HOUSTON – The Houston Astros and Texas Rangers won't travel to Houston as planned after their games Sunday in California because of torrential floodwaters that have engulfed the city in the wake of Hurricane Harvey.
The Rangers had been scheduled to head to Houston after playing Oakland to await the start of a three-game series with the Astros beginning Tuesday. Instead, they'll return to Dallas to await word on its status. The Astros are in Anaheim and also will fly to Dallas while a decision is made on when and where the series will be played.
"We have been in continuous contact with the Astros and Major League Baseball regarding travel tonight and the status of this week's series," Rangers president and general manager Jon Daniels said. "We will continue to talk throughout the day to get updates on the situation."
Astros manager A.J. Hinch said the team was in a holding pattern.
"We're going to fly to Dallas and really just sit there and wait to see what happens," he said before Houston's game against the Angels. "Really, I think everything is up in the air. We might get to Houston sometime in the next couple of days and play. We might not, so I don't know what's possible."
MLB spokesman Michael Teevan said officials who handle scheduling are communicating with the teams and monitoring the situation.
While Hinch knows there is interest in when and where the Astros will play, he was quick to point out that they're far more worried about what the storm has done to Houston than anything related to baseball.
"The most important thing is (that) baseball is secondary right now," he said. "Our schedule, our flight times, where we're going to be, the buses, like all that stuff is meaningless compared to what everybody is suffering through."
Texas manager Jeff Banister echoed Hinch's sentiments.
"The best thing for all of us is to allow them to survive through this, understanding that when all this water recedes and it's gone, there's still a monumental challenge for all of them, the cleanup and kind to assess where they're at," he said. "This is not a situation where we put baseball in front of what's important for these people. So for us to have to defer and go somewhere else, it's no issue for us."
Some have suggested that this week's series with the Rangers could be moved to Arlington. If it is, it wouldn't be the first time home games in Houston have been moved to another park because of a hurricane.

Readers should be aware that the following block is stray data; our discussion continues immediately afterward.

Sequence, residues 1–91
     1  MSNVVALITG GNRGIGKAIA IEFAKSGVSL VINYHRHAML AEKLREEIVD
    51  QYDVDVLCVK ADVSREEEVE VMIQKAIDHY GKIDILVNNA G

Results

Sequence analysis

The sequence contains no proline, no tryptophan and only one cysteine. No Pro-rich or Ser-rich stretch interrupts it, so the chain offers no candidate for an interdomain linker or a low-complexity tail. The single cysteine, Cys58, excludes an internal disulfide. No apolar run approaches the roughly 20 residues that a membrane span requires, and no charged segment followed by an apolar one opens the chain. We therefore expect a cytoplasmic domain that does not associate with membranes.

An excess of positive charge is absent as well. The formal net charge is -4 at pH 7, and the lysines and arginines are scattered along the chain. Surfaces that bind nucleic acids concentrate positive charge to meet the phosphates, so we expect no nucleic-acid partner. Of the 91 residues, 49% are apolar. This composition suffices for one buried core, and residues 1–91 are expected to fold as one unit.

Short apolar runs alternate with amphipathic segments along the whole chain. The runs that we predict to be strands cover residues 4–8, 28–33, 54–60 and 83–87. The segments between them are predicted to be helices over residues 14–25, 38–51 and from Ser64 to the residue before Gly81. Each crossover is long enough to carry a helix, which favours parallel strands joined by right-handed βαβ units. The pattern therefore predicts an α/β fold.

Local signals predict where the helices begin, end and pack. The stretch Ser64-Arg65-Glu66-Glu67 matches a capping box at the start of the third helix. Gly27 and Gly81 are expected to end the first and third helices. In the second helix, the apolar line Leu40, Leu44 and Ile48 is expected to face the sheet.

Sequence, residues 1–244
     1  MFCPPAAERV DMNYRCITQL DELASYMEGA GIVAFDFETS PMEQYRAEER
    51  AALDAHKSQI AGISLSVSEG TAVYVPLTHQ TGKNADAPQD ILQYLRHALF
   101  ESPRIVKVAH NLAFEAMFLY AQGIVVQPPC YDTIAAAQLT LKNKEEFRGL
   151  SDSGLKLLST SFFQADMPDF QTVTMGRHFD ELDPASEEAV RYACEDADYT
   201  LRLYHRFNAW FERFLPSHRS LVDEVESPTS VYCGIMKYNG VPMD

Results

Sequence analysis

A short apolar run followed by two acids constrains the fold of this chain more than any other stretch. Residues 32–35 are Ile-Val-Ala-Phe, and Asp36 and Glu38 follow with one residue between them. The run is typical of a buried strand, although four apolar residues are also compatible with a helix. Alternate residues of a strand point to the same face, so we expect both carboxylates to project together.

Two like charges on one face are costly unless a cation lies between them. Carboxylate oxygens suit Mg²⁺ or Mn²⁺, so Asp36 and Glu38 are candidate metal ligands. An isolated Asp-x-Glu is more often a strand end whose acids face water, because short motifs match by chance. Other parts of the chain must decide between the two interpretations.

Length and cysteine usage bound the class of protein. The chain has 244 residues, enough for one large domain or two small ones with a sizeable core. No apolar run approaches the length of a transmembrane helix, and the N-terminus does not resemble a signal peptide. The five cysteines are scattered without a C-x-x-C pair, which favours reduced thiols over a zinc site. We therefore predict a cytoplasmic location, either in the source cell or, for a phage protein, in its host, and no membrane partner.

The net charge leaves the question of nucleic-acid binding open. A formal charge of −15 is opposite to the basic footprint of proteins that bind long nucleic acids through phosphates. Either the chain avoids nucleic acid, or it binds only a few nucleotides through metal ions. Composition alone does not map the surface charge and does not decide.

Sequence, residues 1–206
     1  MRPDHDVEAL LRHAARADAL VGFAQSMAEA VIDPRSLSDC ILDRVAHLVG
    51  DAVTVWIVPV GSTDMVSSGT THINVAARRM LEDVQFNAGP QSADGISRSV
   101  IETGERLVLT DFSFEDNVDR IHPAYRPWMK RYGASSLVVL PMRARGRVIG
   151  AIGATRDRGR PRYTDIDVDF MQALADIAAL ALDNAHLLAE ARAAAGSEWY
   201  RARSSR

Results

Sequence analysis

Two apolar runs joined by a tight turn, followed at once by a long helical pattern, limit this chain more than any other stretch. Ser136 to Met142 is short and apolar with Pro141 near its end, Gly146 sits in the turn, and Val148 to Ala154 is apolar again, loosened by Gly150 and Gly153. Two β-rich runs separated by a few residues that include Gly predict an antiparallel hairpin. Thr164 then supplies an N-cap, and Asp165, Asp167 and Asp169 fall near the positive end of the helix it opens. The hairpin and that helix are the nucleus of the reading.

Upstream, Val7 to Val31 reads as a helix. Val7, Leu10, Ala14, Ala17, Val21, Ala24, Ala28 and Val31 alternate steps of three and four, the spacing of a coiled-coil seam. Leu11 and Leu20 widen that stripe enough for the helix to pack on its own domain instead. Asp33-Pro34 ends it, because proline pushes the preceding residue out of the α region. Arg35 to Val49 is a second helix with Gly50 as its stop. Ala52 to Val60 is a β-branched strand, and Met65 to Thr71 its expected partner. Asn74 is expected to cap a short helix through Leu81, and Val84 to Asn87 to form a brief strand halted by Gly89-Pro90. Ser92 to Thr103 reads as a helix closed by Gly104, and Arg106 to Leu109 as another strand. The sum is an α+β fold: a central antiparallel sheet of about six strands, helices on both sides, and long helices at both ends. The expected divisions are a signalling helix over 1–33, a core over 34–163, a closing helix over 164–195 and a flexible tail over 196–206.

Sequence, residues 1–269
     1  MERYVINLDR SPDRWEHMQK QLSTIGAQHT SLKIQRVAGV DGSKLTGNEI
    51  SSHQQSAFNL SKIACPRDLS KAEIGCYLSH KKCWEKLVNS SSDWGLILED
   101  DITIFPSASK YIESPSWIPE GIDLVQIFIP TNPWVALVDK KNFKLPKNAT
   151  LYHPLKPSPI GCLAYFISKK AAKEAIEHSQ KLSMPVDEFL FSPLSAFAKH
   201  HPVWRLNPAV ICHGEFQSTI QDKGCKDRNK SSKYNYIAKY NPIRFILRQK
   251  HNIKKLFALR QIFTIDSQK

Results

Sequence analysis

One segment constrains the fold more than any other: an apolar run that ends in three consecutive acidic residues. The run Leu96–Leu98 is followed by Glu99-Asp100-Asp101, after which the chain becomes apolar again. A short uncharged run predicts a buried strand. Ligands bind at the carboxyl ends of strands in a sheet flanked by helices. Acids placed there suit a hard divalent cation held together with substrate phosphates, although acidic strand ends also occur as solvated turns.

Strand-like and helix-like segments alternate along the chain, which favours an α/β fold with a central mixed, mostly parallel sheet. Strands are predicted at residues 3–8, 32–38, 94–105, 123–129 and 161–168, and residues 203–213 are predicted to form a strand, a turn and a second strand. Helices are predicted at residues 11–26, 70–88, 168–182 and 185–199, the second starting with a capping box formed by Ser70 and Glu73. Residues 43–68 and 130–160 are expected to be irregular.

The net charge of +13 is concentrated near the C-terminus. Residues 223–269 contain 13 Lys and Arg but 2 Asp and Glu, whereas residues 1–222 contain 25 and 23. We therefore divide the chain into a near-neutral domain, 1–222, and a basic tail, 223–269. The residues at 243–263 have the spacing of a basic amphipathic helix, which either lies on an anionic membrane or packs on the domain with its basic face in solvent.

In the wake of Hurricane Ike in 2008, MLB moved two games with the Chicago Cubs to Milwaukee, about 95 miles from Chicago, effectively making the contests home games for the Cubs. Chicago won both of those games, with Carlos Zambrano throwing a no-hitter in the first one, leaving the Astros furious about the move.
The Rangers and Astros were just the latest teams to change their travel plans because of the storm, which settled over the Texas coastline Saturday before sending devastating floods pouring into the nation's fourth-largest city.
The NFL's Texans flew to Dallas after their preseason game Saturday in New Orleans instead of returning home and have said they'll stay there until conditions improve enough for them to come back to Houston. They'll practice at the suburban practice facility of the Cowboys on Monday and said they will provide details on their schedule for the rest of the week later.
They are scheduled to host the Cowboys at NRG Stadium on Thursday, but that game could be in jeopardy with massive flooding in the city and rain continuing to fall.
While in Dallas waiting out the storm, Texans star J.J. Watt started a fundraising page to help raise money for victims of the storm. By Sunday afternoon the page had already raised more than $110,000.
"It's very tough to watch your city get hit by such a bad storm and not be there to help," Watt said in a video posted on Twitter.
The storm also raised questions about whether the AdvoCare Texas Kickoff game between LSU and BYU can be played Saturday night at NRG Stadium. Doug Thornton, a New Orleans-based executive with SMG who oversees the Superdome, said that the Superdome is available on Saturday if needed.
"We hope they can play in Houston, but if they can't, we stand ready to help them out if they have to do something else. ... everybody feels confident we could host a game if we needed to," he said. "We just need some prior notice. ... by the end of Tuesday would be fine. But if they called Wednesday at noon (I'm) sure could find way."
NRG Stadium also is managed by SMG and Thornton said it hasn't been damaged but flooding around the stadium would make it difficult to get there.
"The facility is not going to be the issue," Thornton said. "It would be the workers and support services needed. Would there be sufficient support services to host a football game, staffing and things like that?"
The University of Houston's football team went to Austin on Friday, practiced there on Saturday and will resume practice Sunday on the University of Texas campus. It could make sense for the team to remain in Austin for the week with the Cougars scheduled to open the season on Saturday at Texas-San Antonio, which is just about 80 miles from Austin.
A team spokesman said Sunday that the team hadn't made any plans for the rest of the week yet.
Rice opened its season this weekend in Australia against Stanford. The Owls will arrive in Los Angeles from Australia on Monday morning at 8:30 and said Sunday they'll decide if they can travel to Houston when they arrive there.
AP Sports Writers Jay Cohen, Dennis Passa and Brett Martel and AP freelancers Josh Cooper and Michael Wagaman contributed to this report.